"... This volume covers the year 1968 and includes classics like Smokey Robinson's "I Second That Emotion," Sam & Dave's "I Thank You," Otis Redding's "(Sittin' On) The Dock of the Bay," the Temptations' "Cloud Nine," and so much more. Every track shines and reveals new joys by affiliation -- listening to these 29 sides is like time traveling back to a beautiful summer's night and a long drive with the top down. This is what Bear Family does so well, turning out collections of essential music lovingly assembled, remastered, and restored. Sweet is exactly the right word for each of the ten volumes in this series." AMG

Saturday, April 20, 2013

Gwen McCrae - Rockin' Chair - Something So Right

These two albums happen to fall right in between the two albums of the previous post. Gwen was another Southern Soul diva existing in a world where funk and disco were making the money. While there are increasing influences from these pop veins injected into her music by her producers throughout the 70's, somehow McCrae always overpowers all the silliness by just belting out the song no matter what is around her.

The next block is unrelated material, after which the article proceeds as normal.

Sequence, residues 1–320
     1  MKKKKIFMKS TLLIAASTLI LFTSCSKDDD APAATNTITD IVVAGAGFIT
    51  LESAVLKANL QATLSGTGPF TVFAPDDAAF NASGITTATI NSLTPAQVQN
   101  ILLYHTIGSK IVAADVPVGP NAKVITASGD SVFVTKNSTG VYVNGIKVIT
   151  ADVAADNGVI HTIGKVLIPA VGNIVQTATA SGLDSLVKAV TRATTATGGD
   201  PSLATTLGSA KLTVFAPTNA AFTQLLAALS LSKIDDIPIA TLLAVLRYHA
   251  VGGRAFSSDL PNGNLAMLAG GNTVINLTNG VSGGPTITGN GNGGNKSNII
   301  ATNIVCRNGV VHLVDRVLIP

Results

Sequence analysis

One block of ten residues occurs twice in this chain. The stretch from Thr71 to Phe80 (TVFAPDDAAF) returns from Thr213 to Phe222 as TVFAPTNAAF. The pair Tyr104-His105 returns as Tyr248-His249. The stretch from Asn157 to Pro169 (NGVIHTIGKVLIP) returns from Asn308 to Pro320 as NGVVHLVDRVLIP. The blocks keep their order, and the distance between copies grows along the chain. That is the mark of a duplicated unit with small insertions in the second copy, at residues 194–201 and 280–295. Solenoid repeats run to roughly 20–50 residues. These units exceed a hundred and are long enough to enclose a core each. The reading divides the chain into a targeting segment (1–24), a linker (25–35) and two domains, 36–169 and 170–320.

1975's Rockin' Chair is one of the best unknown albums of that fine year. I recall being stopped in my tracks the first time I heard the title song, it just oozed sex like nothing I'd heard other than her label-mate Latimore. Henry Stone had quite a sound and quite a stable going down at TK - Betty Wright, Latimore, Gwen and George McCrae, certainly a rich chapter in Miami Soul.

"Gwen McCrae (born Gwen Mosley, December 21, 1943, Pensacola, Florida, United States is an American R&B singer, best known for her 1975 hit "Rockin' Chair".